March 28, 2022 NEWS

Bonding Through Teamwork:A Route to Sustainable Chemistry

Scientists use cooperative action of a ligand-counterion system for sustainable ether production necessary for pharmaceutical applications

Formation of new organic bonds in a sustainable manner is necessary for green chemistry solutions and pharmaceutical development. Diaryl ether synthesis currently requires rare transition metal catalysts or needs large volume of organic solvents. In a new study, Ritsumeikan University researchers achieved high yields for a broad range of diaryl ethers in an aqueous environment without using transition metal catalysts. This is a critical step towards a green organic chemistry future.

The continued development of pharmaceuticals depends on the ability to form a wide range of chemical bonds. Diaryl ethers, characterized by the presence of an oxygen atom connected to two aryl groups, are a class of organic compounds with a broad range of applications, notably as a refrigerant and an antiseptic for preventing infections. In particular, diaryl ethers have been a topic of research interest as their organic synthesis has proved difficult. They can be formed from aryl-alcohols, or phenols, when a second aryl group replaces the alcoholic hydrogen. But current phenol O-arylation methods are inefficient and makes use of rare transition metal catalysts (notably the palladium catalyzed cross-coupling reaction won the 2010 Nobel Prize in Chemistry). In addition, they are unselective, meaning many different side products are generated, reducing the efficiency and final yield of the desired organic compound.

Now, a more sustainable alternative to transition metal catalysts has been proposed by a team of researchers from Ritsumeikan University, Japan. In this work, the transition metal is replaced with a readily available and easily synthesized starting material, trimethoxyphenyl (TMP)-iodonium(III) acetate. “This iodonium salt contains two key structures, namely the TMP ligand and the acetate counterion, that work together to increase the reactivity of the O-arylation reaction and, in turn, enhance the ether bond formation, leading to significantly higher yields of diaryl ethers than has been reported in the past. It is a perfect teamwork,” explains Assistant Professor Kotaro Kikushima, the lead author of the study. This paper was made available online on March 7, 2022 and was published in Volume 24 Issue 10 of the journal Organic Letters on March 18, 2022.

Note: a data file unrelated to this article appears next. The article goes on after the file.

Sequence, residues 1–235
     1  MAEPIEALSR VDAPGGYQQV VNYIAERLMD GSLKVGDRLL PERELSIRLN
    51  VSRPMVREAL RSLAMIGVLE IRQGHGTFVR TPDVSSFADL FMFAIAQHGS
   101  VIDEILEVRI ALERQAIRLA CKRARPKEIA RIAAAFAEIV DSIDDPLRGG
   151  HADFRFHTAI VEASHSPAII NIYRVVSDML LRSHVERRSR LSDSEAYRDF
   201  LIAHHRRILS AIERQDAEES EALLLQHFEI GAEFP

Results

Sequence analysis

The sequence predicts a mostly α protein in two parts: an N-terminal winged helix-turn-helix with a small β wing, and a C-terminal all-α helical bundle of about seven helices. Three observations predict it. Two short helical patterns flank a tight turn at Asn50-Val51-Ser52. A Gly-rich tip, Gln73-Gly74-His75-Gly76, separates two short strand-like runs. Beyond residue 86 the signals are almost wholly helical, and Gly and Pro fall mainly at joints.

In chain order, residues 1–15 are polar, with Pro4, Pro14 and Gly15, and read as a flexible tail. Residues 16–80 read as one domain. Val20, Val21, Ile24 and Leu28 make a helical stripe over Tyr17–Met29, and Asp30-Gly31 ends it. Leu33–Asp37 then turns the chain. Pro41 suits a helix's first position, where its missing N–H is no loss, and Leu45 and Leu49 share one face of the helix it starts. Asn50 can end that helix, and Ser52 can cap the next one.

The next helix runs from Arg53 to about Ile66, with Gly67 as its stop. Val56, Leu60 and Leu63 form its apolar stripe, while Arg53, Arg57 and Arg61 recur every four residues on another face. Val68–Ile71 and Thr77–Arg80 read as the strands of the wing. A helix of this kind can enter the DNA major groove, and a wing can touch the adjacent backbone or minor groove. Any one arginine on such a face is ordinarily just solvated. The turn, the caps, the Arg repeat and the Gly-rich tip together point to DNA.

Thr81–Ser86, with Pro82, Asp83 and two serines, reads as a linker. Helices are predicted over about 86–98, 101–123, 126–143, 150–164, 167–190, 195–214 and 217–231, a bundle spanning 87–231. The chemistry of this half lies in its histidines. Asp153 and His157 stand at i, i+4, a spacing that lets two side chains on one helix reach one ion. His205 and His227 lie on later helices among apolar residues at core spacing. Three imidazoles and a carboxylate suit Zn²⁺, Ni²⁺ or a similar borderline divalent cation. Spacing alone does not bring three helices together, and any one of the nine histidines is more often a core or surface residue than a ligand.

Based on the structural features of phenyl(TMP)iodonium acetate, the researchers predicted that the diaryliodonium salt would have high reactivity. Accordingly, the combination of the trimethoxyphenyl group and acetate anion working together to enhance the reactivity of the phenol oxygen atom was determined for the first time in their study.

The variety and diversity of compounds is an important factor when designing methods for a green, sustainable chemistry future. To test the general nature of this method, the team tested and used various organic functional groups for O-arylation. To their delight, they found that the method was extremely robust and tolerant to a variety of functional groups, leading to a broad range of ethers synthesized with significantly higher yields than other reported techniques, an important consideration for industrial applications. The potential for scaling-up this process to industrial needs has also been demonstrated by performing the reaction on a gram-scale, retaining high efficiency. In addition to high yields and sustainable starting materials the method presented one more advantage compared to present techniques: increased selectivity. The TMP group guided the selective arylation of the other functional group, allowing for more control, and no unwanted side products.